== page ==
To the end of attempting to get a bangladeshi price for a bangladeshi wage, we’ve now had 4 of 14 Bangla classes. As the title suggests, this is somewhat limited as yet (phonetically, this is I speak some Bangla). Each morning we trek across the city to the language centre – why VSO chose the opposite side of such a congested city has not been acceptably justified – for the lesson. The first day it took an hour, an hour back. Then it was an hour and a half and more back, and so on. All the roads in the city seem to lead to the Parliament building, next to which there is a tiny stretch of road that we sit on every day for up to half an hour. Lorries and buses belch out black smoke and our legs get singed by exhaust fumes. None of the drivers know anywhere in their city. We constantly end up directing them.
Today, it took at least 80 minutes to do a 5 kilometre journey. Having managed to flag down a yellow taxi (for four) and barter a price (at least VSO pays for this!) our driver immediately hared off in the wrong direction. Serving into the residential districts of Lalmatia, his Schumacher-style path was stopped by the inevitable traffic jam, and the five minute walk we take from the flat to VSO took us 25 minutes. Already ridiculously late, our driver then careered around a corner with a vigorous beep of this horn, and only just managed to stop his battered car from collision with a 4x4, and also to stall the car. He then was unable to restart the thing, causing drivers to get out and run over to us to shout at him for blocking the way. Bouncing along a further fifty yards, he pulled over and lifted the bonnet. By now hopelessly late and only 150 metres from our flat. He was genuinely shocked that he wasn’t to get his 150 Taka for such a miserable performance as a taxi driver.
We dashed onto the main road to catch up with the major traffic jams, and in desperation got a CNG, three of us in the back and Mikey, a Canadian, sitting in the driver’s cage. We jumped the first light, but caught in traffic, our CNG gave out and stalled. Already we were ten minutes late for the nine am start and still had gone less than 300 metres from the flat. But this driver decided to constantly attempt to start the engine, despite its obvious refusal to budge, and resorted to dragging the whole CNG with all four of us in it at least 40 metres down the road as the traffic crawled along. We offered to push, to get out, to leave and all were steadfastly refused. Then, with a look to us of utter contempt, he got the thing going and chugged along to the lesson.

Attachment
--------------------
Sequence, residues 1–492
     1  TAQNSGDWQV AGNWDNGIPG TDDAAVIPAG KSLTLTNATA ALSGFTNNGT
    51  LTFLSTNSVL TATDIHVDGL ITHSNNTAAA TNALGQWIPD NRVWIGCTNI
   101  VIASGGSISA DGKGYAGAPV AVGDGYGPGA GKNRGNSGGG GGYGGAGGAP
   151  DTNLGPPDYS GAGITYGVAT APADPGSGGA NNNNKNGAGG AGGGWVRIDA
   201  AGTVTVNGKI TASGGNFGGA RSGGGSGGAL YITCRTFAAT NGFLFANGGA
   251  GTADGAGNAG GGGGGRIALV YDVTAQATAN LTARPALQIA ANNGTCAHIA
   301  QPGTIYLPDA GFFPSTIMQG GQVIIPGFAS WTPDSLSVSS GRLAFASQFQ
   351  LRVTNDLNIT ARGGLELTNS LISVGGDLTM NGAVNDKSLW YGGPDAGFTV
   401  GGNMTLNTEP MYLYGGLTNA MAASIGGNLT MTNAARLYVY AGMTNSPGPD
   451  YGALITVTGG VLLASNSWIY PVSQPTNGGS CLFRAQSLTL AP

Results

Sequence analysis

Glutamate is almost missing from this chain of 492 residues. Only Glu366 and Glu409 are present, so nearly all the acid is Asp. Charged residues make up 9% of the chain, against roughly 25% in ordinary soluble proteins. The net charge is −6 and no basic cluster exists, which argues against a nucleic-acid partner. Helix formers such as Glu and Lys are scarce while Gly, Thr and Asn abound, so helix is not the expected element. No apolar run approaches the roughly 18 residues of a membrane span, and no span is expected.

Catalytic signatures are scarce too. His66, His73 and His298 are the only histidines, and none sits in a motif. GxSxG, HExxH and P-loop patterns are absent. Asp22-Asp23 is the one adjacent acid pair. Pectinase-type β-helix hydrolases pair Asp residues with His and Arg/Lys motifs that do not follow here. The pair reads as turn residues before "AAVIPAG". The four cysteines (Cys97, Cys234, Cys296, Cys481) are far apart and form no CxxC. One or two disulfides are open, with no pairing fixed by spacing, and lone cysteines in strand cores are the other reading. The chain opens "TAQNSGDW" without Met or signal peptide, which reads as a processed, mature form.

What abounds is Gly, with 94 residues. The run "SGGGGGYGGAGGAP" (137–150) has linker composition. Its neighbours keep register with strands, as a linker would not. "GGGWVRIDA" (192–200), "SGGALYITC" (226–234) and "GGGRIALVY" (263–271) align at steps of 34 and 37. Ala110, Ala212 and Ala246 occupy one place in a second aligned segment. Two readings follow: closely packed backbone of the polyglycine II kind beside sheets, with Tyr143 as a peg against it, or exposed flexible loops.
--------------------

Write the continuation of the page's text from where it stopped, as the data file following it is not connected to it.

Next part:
The lessons themselves are in a room with very temperamental power, and massive temperature swings. Our teacher is a little scatty, answering questions by laughing and ignoring them, and also possesses two of the most stupid babies imaginable. They respond to absolutely nothing – paper planes, faces, sweets – all are received with vacant complicity. Their sole talent seems to be the ability to bash on the door to get into the tiny classroom, and demand a pen to write on the board. Whilst this is indulged, we attempt to conjugate some verbs. The baby follows acquisition of the pen with rubbing off useful vocab or staring blankly at the wall. Finally it demands to be let out, only to repeat the cycle every ten minutes for three hours. At least I am learning some bangla, and whilst I cannot yet say ‘I’m working on a local salary with an NGO so put it on the bloody meter’, I can say things like ‘I understand some bangla’, ‘I go now, goodbye’ and ‘I need some rice’. The helpfulness of the classes is an open question as yet. However, I’ll have to speak it when work starts so I hope to pick more up there.
On the way back we were treated to our first accident, with a large Toyota crumpled by a tiny CNG. It is at least reassuring to see that the CNG is a sturdy vehicle. A crowd was a round the cars but the drivers seemed to have escaped the usual mob justice. There are at least 47 reported accidents a day in the city, with at least 4 or 5 deaths. But unreported accidents must be huge, and we regularly bump into other cars or baby taxis as part of the normal state of driving. Some to the taxis are more scratch and bump than car.
Anyway, whilst it may seem that traffic and travelling is an obsession at the moment, that is because it is. I’ll put some more stories on about other things when happen.
Hope you have all read the latest issue of www.openfutures.org.uk (link to the left).